When I do more research to investigate such firms, there is always a report of scam hovering on them.

    I wonder why some people would want to use such methods. Well thanks to them, I have learned to differentiate between Spams and the real deal.

    Thanks for sharing this post. A great reminder for everyone SEO spams.

    Take Care


    • Hi Ikechi,

      It is great to hear that you know how to identify scam emails like this one. Researching to investigate if there are any spam reports is a great idea.

      It is a shame that there are people that are actually doing this and continue to, isn’t it? It is always best to delete those that make it into our in-boxes.

      Thank you for stopping by and for sharing your thoughts. I hope you have a wonderful rest of you day!

      ~ Robin

  6. Adrienne says:

    Hey Robin,

    I continue to just shake my head whenever I see one of these show up in my inbox. I’ve been online now for eight years and the one thing I would love to see happen more than anything else is to totally ban anyone from the internet that pull these types of scams.

    I know that just like any other type of crime though, unless they are caught red handed then there isn’t really anything anyone can do. I’ve personally been scammed in the past and turned them into authorities. The problem was that all they did was go around in a circle because they hid their tracks that well. It’s frustrating and another reason I don’t immediately criticize someone who comes to my blog and posts something they shouldn’t or leaves my email in the “to” field in an email to everyone. These are the people who are being taught the underhanded way to do things and the majority of the people I’ve approached about these underhanded tactics have apologized and been rather embarrassed that they too fell so easily for this.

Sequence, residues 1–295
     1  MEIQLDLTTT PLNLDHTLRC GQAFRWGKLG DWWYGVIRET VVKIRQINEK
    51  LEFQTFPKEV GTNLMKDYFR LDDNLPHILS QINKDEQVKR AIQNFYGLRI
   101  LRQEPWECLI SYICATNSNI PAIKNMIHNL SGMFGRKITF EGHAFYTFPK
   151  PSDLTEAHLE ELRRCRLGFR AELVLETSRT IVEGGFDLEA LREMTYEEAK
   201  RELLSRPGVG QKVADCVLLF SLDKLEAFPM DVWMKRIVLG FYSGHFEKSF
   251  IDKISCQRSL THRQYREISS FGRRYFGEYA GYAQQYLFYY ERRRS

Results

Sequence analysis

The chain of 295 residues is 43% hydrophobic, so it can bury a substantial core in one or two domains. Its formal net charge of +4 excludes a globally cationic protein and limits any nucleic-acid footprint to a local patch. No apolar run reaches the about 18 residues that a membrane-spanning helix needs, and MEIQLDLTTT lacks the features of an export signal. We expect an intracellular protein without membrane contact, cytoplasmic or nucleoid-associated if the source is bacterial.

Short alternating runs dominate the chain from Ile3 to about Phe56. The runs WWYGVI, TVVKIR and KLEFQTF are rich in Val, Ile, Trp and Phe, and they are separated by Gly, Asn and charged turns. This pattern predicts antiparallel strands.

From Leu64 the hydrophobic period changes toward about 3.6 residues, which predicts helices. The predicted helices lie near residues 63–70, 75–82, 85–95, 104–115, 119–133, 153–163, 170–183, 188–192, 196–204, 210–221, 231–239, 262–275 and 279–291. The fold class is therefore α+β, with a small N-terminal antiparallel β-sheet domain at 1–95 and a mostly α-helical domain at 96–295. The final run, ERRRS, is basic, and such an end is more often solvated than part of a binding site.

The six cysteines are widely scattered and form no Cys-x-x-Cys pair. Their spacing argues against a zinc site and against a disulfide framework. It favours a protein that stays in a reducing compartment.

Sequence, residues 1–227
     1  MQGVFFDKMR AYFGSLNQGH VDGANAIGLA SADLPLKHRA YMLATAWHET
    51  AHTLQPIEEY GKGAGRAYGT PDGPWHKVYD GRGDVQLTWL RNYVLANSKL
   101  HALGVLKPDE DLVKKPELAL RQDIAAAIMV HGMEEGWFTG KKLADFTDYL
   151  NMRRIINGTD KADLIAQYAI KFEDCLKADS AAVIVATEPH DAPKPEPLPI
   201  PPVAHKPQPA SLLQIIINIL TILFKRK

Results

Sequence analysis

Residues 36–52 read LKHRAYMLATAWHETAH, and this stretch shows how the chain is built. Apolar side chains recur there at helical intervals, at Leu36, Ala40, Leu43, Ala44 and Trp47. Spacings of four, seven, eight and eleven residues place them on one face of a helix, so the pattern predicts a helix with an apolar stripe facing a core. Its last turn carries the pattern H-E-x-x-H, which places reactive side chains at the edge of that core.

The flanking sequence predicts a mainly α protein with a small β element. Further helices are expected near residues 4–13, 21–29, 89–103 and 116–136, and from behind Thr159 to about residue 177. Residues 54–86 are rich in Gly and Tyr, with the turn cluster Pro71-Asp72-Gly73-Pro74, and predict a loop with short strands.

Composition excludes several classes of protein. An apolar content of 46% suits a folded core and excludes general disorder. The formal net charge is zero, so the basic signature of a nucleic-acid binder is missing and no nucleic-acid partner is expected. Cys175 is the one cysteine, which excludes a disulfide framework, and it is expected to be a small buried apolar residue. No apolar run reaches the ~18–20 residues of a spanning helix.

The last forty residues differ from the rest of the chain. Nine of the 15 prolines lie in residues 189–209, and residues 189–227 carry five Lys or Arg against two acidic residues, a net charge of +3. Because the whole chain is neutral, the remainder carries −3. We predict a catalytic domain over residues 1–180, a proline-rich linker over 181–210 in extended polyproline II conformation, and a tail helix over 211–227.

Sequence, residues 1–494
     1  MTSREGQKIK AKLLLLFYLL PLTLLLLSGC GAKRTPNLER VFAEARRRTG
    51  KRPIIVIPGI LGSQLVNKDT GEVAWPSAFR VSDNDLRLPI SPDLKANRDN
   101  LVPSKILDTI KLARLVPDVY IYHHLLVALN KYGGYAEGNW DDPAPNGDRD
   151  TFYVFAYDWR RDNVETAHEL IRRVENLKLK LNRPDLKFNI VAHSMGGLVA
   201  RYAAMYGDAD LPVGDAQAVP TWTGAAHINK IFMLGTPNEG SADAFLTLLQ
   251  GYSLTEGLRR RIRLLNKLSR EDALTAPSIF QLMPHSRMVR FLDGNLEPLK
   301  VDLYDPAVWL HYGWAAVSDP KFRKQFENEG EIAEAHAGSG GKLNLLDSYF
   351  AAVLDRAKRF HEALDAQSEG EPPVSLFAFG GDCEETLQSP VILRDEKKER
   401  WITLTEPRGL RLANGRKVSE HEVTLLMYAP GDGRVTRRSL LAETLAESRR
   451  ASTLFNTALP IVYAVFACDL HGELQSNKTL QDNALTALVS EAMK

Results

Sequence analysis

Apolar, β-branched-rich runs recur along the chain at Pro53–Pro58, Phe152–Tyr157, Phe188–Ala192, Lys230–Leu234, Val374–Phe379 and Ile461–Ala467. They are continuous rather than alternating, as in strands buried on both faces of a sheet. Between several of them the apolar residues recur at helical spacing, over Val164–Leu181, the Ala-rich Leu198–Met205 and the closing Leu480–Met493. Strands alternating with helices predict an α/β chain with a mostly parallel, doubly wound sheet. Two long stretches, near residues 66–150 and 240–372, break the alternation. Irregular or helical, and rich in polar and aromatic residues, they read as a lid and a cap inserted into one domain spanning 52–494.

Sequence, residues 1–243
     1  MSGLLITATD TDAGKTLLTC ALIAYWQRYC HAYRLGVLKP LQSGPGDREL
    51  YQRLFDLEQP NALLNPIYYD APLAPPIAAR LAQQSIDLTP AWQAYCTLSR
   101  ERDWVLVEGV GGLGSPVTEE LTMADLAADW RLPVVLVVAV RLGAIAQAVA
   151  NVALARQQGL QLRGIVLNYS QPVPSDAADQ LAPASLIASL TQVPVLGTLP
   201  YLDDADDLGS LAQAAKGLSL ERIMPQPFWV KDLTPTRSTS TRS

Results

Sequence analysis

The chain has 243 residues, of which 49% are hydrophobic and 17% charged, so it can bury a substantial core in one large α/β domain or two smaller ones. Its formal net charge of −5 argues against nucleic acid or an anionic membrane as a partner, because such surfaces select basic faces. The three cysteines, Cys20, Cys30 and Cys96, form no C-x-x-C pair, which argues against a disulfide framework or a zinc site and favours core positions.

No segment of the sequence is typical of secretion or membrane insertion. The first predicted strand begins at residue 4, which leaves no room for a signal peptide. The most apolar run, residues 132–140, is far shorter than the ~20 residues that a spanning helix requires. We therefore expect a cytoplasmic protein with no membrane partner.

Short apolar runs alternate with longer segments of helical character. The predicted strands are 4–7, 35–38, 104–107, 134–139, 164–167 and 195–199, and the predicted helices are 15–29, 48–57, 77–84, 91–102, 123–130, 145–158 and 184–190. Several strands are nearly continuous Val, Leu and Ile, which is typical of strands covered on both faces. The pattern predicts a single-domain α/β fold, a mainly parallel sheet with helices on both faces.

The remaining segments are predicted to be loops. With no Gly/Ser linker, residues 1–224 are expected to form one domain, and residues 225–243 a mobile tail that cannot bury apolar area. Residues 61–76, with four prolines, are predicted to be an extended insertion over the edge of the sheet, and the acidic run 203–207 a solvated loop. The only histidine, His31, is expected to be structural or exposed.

It’s just sad but I’m glad you put this out there again and hope that everyone has their radars up and knows to never ever hire someone based on just an email.

    Hope you’re enjoying your week and I’ll be sure to pass this one around as well.


    • Hi Adreinne,

      I am with you. I continue to shake my head at these types of email scams that make it through our spam filters. The very day that this post was published, I received three more in various forms.

      It is sad that these scams cannot be stopped. I have read about people paying money for services and then never hearing from the company again.

      The purpose of this post was to warn others of the dangers of email scams like this. I’m happy to hear that you agree that it is a good idea not to hire someone based on just an email.

      I hope you had a wonderful weekend! Have a great one ahead.

      ~ Robin